Friends Amira Abase, 15, Shamima Begum, 15, and Kadiza Sultana, 16, flew to Turkey last week in what the authorities believe was an attempt to travel to Syria to join the militant Sunni Islamist group Islamic State.
News of their actions led to calls from lawmakers for social media companies to do more after it was revealed they had been in contact via Twitter with other women involved with Islamic State.
"All of us have been horrified by the way that British teenagers appear to have been radicalized and duped by this poisonous ideology of Islamist extremism while at home on the internet in their bedrooms," Cameron told parliament.
"Given reports that one of the girls was following as many as 70 extremists online, this case underlines the importance of the work we are doing with social media companies."
He said there had been progress with some firms working with the authorities to take down extremist content, but more was needed. "Internet companies have a social responsibility. And we expect them to live up to it," he said.
Images of the three youngsters walking through London's Gatwick Airport before catching a flight to Istanbul led to questions about whether more should have been done to stop them.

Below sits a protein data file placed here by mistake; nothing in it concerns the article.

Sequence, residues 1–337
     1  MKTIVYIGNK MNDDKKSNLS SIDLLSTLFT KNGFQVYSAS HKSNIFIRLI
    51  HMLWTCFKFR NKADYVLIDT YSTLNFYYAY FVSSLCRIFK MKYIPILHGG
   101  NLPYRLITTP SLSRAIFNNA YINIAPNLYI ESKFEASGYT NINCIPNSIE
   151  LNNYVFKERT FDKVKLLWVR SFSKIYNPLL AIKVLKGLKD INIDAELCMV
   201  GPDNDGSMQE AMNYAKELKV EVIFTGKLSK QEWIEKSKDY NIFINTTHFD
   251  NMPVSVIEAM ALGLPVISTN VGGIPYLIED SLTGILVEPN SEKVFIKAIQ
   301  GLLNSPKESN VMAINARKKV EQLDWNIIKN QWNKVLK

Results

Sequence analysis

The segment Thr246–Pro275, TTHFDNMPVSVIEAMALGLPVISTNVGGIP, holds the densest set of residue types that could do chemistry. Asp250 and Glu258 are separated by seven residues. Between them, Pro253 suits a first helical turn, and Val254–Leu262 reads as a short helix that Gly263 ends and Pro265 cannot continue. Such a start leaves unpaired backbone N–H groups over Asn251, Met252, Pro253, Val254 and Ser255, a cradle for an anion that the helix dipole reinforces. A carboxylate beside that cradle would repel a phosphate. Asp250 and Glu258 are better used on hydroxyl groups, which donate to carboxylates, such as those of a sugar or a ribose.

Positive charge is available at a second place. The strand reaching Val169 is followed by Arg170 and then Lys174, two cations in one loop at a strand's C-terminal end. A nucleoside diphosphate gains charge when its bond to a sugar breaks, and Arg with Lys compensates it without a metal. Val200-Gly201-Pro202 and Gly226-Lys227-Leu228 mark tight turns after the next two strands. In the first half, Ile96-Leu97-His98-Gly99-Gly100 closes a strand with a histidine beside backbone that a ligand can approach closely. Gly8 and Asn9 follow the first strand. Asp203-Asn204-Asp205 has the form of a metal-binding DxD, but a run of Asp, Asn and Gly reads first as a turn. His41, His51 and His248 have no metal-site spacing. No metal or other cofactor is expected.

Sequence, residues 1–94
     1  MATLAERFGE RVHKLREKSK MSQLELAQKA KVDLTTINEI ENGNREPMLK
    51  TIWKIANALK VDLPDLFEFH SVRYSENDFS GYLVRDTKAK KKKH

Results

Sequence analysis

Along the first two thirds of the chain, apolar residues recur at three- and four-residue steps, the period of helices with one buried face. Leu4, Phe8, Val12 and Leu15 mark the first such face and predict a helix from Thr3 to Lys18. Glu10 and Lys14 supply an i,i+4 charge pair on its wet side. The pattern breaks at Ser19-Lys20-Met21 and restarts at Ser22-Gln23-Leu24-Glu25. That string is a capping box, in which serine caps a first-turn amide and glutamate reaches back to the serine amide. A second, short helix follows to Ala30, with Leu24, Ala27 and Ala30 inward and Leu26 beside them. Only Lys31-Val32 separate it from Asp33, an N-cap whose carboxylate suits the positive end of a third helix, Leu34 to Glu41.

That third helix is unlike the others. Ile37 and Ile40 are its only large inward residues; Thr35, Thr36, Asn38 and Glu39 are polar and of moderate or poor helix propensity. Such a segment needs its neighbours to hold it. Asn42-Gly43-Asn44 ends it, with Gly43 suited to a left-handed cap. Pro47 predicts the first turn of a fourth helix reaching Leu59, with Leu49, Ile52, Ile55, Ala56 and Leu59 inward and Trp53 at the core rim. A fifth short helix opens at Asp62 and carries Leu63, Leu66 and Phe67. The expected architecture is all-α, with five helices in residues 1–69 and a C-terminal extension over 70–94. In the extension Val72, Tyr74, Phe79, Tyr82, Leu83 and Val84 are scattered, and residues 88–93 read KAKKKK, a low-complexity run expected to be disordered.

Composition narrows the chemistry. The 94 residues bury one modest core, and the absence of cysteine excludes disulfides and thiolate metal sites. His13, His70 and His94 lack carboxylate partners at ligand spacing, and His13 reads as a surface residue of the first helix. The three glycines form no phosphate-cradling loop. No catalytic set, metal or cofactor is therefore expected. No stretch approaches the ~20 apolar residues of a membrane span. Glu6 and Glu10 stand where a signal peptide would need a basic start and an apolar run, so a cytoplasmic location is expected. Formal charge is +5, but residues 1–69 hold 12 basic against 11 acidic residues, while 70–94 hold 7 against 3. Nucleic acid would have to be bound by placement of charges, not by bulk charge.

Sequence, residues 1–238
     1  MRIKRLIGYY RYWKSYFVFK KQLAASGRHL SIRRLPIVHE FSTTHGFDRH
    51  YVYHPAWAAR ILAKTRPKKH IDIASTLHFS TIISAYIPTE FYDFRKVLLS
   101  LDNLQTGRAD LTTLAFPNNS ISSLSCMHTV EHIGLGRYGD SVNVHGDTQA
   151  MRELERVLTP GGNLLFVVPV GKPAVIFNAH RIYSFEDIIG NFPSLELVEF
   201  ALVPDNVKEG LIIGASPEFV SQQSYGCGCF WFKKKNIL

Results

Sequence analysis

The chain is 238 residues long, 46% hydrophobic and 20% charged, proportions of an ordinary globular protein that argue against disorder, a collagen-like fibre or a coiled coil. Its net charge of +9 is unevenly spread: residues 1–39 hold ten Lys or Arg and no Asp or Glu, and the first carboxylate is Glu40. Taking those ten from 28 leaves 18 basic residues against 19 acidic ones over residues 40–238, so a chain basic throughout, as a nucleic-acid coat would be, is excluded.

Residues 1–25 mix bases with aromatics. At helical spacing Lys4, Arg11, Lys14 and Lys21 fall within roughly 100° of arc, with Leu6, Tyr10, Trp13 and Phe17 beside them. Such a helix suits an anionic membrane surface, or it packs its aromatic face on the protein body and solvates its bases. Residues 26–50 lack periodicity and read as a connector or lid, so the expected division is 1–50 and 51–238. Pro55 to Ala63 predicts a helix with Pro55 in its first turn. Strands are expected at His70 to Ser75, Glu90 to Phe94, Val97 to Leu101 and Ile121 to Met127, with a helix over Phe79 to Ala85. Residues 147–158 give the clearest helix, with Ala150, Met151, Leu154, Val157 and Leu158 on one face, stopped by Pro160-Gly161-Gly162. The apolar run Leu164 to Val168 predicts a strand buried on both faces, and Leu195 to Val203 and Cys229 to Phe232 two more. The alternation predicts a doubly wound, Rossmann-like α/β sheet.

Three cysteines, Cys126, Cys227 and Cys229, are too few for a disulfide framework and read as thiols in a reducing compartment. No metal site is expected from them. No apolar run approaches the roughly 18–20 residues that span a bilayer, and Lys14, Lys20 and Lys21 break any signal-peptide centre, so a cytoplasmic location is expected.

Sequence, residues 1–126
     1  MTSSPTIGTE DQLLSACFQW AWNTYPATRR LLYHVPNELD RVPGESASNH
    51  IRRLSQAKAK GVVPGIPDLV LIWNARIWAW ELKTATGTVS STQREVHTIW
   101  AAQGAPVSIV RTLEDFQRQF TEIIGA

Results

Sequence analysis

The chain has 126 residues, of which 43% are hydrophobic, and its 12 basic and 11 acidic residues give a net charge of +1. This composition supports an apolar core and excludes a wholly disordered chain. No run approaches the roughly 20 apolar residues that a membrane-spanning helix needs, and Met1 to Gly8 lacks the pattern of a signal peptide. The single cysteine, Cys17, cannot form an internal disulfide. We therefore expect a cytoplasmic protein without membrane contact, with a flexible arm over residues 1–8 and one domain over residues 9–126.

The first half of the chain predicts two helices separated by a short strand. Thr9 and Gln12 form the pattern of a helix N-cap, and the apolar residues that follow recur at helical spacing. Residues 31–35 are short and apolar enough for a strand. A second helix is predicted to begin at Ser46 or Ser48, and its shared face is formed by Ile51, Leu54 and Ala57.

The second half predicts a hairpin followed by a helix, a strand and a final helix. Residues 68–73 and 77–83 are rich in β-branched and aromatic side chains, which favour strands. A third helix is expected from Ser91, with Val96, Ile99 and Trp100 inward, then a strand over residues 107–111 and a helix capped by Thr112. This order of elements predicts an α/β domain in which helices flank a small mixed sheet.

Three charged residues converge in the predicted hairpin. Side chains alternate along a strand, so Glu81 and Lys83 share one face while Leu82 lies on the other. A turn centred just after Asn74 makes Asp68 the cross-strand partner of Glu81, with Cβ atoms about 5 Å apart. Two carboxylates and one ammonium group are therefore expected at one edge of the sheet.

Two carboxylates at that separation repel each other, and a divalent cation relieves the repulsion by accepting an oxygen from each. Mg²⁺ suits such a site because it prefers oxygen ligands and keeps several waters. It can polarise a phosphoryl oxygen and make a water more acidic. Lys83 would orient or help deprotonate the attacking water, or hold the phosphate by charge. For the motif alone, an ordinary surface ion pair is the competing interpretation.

Security services estimate some 600 Britons have journeyed to Syria or Iraq to join the militants and Britain introduced new measures this month which allows police to remove passports from people suspected of travelling to the region to do that.
Cameron said new arrangements with airlines were needed to deal with unaccompanied children.
"What this incident has highlighted is the concerning situation where unaccompanied teenagers like these - who are not a known risk - can board a flight to Turkey without necessarily being asked questions by the airline," he said.
The apparent speed of the girls' radicalization was made clear on Monday when the headteacher of their school said police had seen no cause for concern when they were questioned after another of their friends was suspected of travelling to Syria in December.
"They indicated there was no evidence that the girls were at risk of being radicalized or absconding," Mark Keary, headteacher of Bethnal Green Academy in east London, told reporters.